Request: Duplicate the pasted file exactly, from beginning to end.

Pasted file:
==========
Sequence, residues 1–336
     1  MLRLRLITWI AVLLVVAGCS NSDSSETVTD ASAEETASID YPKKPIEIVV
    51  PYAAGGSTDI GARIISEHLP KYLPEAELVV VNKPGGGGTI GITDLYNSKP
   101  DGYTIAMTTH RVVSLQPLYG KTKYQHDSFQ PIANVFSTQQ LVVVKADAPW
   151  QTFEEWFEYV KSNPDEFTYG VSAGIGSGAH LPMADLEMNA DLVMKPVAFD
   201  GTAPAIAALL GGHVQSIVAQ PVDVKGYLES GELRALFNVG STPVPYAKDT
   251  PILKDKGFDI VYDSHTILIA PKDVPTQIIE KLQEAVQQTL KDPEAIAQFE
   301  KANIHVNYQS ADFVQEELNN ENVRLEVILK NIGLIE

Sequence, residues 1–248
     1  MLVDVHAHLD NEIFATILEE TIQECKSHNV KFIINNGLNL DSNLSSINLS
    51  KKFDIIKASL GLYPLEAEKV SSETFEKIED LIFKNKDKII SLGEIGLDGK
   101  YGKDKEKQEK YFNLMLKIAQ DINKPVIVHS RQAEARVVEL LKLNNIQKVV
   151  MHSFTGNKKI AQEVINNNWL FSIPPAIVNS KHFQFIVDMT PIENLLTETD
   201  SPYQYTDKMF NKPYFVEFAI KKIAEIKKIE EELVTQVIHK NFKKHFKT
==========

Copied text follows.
Sequence, residues 1–336
     1  MLRLRLITWI AVLLVVAGCS NSDSSETVTD ASAEETASID YPKKPIEIVV
    51  PYAAGGSTDI GARIISEHLP KYLPEAELVV VNKPGGGGTI GITDLYNSKP
   101  DGYTIAMTTH RVVSLQPLYG KTKYQHDSFQ PIANVFSTQQ LVVVKADAPW
   151  QTFEEWFEYV KSNPDEFTYG VSAGIGSGAH LPMADLEMNA DLVMKPVAFD
   201  GTAPAIAALL GGHVQSIVAQ PVDVKGYLES GELRALFNVG STPVPYAKDT
   251  PILKDKGFDI VYDSHTILIA PKDVPTQIIE KLQEAVQQTL KDPEAIAQFE
   301  KANIHVNYQS ADFVQEELNN ENVRLEVILK NIGLIE

Sequence, residues 1–248
     1  MLVDVHAHLD NEIFATILEE TIQECKSHNV KFIINNGLNL DSNLSSINLS
    51  KKFDIIKASL GLYPLEAEKV SSETFEKIED LIFKNKDKII SLGEIGLDGK
   101  YGKDKEKQEK YFNLMLKIAQ DINKPVIVHS RQAEARVVEL LKLNNIQKVV
   151  MHSFTGNKKI AQEVINNNWL FSIPPAIVNS KHFQFIVDMT PIENLLTETD
   201  SPYQYTDKMF NKPYFVEFAI KKIAEIKKIE EELVTQVIHK NFKKHFKT